« Project:Projects »

Two Projects

  12/26/18 08:58, by Dylan

Here are summaries of my first two projects that I completed before we made our new and improved standards.

Penny Flipping:
For this project, I used five 2013 pennies, five 2014 pennies, five 2015 pennies, and five 2016 pennies (twenty pennies total). I flipped all of these pennies together ten times. I recorded how many head and tail of each year I got from each toss. I graphed heads and tails separately. I made a line graph and a bar graph for both heads and tails with the x-axis set as the toss number and the y-axis set as the amount of heads or tails I got. In the line graphs, only the points matter, not the lines between them, but I found it was easier to see the changes in numbers with the line graph instead of a scatter plot. I will attach a PDF of my graphs in a comment to this post.

Quarter Circle in a Box (Pi Estimation):
For this project, I took a small box lid (a 2-inch square) and drew a quarter circle inside of it. The center of the circle was at one corner of the square and the radius was two inches (so the quarter-circumference stretched from one corner to the opposite corner). I sprinkled millet into the box lid. I counted how many pieces of millet landed inside the quarter circle and how many landed outside the quarter circle, discounting any pieces of millet that landed on the quarter circle line. I repeated this process three times. Below are my results.

Trial 1: 421 millet total, 296 millet inside quarter circle, 125 millet outside quarter circle

Trial 2: 64 millet total, 50 millet inside quarter circle, 14 millet outside quarter circle

Trial 3: 59 millet total, 41 millet inside quarter circle, 18 millet outside quarter circle

To estimate pi, I set up a ratio of areas to values and solved for pi. My ratios were: (area of quarter circle)/(area of square) = (millet inside quarter circle)/(total millet). I then plugged in my values and solved for pi. I estimated pi for each trial and then took the average of my estimations. My estimation of pi was not as close as I had hoped (2.81, 3.13, and 2.78, averaging 2.91), but if I did more trials, ideally my average would move closer to the real value of pi. I learned a lot from this project.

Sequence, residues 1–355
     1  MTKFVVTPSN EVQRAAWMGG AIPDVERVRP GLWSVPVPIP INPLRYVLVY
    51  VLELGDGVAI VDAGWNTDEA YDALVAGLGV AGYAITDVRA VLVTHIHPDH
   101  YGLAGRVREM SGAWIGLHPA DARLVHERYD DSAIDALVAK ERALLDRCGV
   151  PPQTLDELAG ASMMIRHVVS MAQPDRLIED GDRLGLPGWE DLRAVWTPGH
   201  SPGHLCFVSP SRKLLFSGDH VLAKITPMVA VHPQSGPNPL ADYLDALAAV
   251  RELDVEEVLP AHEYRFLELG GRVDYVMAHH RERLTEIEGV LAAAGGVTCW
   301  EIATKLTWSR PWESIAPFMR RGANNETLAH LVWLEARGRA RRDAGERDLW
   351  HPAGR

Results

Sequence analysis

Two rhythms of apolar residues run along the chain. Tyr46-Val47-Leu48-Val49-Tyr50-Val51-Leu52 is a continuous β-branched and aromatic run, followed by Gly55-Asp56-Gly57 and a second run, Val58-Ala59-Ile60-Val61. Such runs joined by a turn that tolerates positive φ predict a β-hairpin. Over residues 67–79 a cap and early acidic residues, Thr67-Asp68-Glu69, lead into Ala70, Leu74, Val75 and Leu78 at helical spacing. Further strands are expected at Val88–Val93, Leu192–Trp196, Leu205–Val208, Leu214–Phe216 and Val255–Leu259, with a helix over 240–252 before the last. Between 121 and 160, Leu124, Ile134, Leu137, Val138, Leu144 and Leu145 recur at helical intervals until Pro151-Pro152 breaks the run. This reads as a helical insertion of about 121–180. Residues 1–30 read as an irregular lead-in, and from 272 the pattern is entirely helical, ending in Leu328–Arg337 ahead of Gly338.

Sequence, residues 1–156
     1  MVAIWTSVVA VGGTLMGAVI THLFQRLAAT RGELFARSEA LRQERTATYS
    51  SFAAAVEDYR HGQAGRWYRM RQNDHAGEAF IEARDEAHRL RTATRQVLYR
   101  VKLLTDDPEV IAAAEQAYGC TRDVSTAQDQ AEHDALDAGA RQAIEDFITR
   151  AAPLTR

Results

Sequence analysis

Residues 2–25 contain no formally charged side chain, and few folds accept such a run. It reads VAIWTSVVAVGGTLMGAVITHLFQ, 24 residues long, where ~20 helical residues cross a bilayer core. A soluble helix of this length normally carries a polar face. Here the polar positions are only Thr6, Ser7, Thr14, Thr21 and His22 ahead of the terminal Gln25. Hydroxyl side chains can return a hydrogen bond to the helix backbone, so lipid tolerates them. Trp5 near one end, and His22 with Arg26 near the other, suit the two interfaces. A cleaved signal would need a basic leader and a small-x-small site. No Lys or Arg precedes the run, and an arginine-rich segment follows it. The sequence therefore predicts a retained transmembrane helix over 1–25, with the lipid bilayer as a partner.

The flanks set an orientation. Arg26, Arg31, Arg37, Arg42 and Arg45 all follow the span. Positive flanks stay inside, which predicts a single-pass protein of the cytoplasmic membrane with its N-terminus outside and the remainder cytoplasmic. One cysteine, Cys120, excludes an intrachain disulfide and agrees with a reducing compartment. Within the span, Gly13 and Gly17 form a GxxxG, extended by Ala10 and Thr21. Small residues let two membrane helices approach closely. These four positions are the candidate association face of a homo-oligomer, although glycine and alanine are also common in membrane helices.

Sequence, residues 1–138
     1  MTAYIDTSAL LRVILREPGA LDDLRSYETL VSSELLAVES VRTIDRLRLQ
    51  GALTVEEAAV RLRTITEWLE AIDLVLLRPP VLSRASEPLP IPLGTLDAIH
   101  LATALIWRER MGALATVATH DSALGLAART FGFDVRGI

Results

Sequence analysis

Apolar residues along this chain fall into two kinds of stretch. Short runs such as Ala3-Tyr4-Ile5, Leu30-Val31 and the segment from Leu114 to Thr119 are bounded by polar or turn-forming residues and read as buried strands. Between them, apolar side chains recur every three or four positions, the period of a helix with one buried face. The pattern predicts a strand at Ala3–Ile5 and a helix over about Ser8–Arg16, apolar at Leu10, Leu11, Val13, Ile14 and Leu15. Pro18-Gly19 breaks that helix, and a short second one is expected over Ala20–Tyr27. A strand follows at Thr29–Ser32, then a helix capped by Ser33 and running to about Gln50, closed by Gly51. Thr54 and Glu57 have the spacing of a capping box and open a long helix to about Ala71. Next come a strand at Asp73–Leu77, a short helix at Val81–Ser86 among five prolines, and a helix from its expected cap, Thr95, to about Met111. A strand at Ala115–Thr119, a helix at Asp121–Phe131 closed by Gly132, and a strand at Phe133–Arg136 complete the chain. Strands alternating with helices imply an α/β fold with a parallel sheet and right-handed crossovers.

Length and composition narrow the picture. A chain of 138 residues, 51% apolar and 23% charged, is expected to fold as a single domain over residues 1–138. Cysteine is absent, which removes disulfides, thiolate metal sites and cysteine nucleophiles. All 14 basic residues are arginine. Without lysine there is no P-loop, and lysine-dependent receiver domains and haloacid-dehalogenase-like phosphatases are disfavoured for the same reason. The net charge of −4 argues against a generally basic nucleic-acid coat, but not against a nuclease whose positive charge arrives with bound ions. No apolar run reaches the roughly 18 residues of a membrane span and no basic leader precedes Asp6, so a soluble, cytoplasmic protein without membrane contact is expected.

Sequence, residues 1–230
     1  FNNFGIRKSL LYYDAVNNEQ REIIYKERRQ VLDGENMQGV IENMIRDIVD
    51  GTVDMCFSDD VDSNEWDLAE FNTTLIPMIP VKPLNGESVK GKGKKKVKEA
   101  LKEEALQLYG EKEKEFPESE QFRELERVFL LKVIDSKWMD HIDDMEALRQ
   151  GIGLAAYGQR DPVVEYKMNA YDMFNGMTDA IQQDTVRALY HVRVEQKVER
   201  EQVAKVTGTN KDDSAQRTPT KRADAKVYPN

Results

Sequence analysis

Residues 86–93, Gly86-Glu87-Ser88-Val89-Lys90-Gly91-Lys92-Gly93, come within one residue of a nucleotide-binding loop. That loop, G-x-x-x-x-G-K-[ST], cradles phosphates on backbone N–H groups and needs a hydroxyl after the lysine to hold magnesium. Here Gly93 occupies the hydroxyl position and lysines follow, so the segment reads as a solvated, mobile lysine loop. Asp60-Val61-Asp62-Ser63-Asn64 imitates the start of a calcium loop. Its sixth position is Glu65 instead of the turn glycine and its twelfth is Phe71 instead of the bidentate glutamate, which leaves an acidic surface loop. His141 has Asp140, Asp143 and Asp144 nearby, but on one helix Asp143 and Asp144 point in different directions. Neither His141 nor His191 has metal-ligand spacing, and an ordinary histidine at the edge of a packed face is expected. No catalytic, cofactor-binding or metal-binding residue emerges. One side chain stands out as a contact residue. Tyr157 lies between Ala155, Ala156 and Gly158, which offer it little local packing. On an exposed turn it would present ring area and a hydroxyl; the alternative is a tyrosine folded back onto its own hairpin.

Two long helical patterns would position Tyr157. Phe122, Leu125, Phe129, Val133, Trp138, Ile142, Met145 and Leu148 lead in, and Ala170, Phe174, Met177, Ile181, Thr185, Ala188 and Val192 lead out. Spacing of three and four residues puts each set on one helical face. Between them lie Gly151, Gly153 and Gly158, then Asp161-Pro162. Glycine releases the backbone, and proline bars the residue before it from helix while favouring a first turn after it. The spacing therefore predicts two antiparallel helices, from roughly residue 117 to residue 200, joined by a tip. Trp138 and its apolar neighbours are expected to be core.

PDFs of both projects will be attached in comments right below this post.

17 comments

Comment from: [Member]

PDF of pi estimation math:


Attachments:
12/26/18 @ 09:01
Comment from: [Member]

PDF of penny flipping graphs:


Attachments:
12/26/18 @ 09:03
Comment from: [Member]

10/10

10/10

Great!

12/26/18 @ 18:08
Comment from: [Member]

Cool work Dylan! Looks like you put in a good amount of time into these projects.

I give it a #1-8/10, and for #2-9/10

12/27/18 @ 14:01
Comment from: [Member]

These are really good!

#1 - 9/10

#2 - 10/10

Counting the millet is really impressive to me it sounds so tedious haha.

12/27/18 @ 15:49
Comment from: [Member]

Okay, this is epic.
Good work Dylan.

#1: 9/10

#2: 10/10

12/27/18 @ 19:24
Comment from: [Member]

10/10

10/10

12/28/18 @ 17:48
Comment from: [Member]

Dang.

#1 and #2: 10/10

12/29/18 @ 14:40
Comment from: [Member]

#1: 9/10

#2: 10/10

12/31/18 @ 13:16
Comment from: [Member]

Wow!
10/10 for both.

01/01/19 @ 15:13
Comment from: [Member]

10/10 for both

01/01/19 @ 18:57
Comment from: [Member]

10/10
10/10

01/01/19 @ 19:56
Comment from: [Member]

1: 8/10
2: 9/10

01/02/19 @ 17:05
Comment from: [Member]

9/10

01/10/19 @ 18:51
Comment from: [Member]
Cayleigh

#1 8/10
#2 10/10

01/16/19 @ 11:42
Comment from: [Member]

#1: 9/10
#2: 10/10

01/17/19 @ 14:19
Comment from: [Member]

10/10 for both

01/17/19 @ 23:05


Form is loading...

February 2019
Sun Mon Tue Wed Thu Fri Sat
 << <   > >>
          1 2
3 4 5 6 7 8 9
10 11 12 13 14 15 16
17 18 19 20 21 22 23
24 25 26 27 28    

Search

Random photo

Second Guesses

  XML Feeds

Open-source blog

©2016 Laurel Charter School